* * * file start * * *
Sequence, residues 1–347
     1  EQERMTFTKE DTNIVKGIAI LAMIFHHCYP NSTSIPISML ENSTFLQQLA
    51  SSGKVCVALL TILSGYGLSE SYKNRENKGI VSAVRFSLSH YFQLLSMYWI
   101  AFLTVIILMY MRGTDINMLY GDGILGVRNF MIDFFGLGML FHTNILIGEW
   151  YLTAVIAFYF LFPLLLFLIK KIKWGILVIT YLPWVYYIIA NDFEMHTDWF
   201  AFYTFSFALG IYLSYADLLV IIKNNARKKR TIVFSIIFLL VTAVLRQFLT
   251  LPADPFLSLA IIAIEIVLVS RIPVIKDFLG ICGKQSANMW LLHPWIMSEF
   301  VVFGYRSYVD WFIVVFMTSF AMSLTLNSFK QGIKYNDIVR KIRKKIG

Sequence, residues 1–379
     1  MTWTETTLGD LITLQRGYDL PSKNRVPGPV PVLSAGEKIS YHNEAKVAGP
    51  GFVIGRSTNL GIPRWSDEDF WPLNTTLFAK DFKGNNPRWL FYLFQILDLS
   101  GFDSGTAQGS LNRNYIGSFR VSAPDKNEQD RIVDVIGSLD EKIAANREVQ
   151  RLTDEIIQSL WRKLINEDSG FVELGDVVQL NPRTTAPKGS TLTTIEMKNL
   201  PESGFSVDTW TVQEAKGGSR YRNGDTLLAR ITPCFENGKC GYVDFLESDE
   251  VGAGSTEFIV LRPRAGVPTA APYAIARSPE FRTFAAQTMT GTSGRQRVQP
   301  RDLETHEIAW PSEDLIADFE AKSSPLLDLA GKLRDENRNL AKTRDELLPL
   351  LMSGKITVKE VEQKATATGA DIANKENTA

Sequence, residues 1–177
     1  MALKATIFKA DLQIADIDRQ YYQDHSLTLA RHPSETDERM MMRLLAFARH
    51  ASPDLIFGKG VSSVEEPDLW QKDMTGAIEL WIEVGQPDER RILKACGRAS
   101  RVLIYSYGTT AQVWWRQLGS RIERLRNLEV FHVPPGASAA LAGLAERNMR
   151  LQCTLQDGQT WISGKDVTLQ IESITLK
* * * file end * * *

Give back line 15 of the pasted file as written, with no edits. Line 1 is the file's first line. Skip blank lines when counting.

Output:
   251  VGAGSTEFIV LRPRAGVPTA APYAIARSPE FRTFAAQTMT GTSGRQRVQP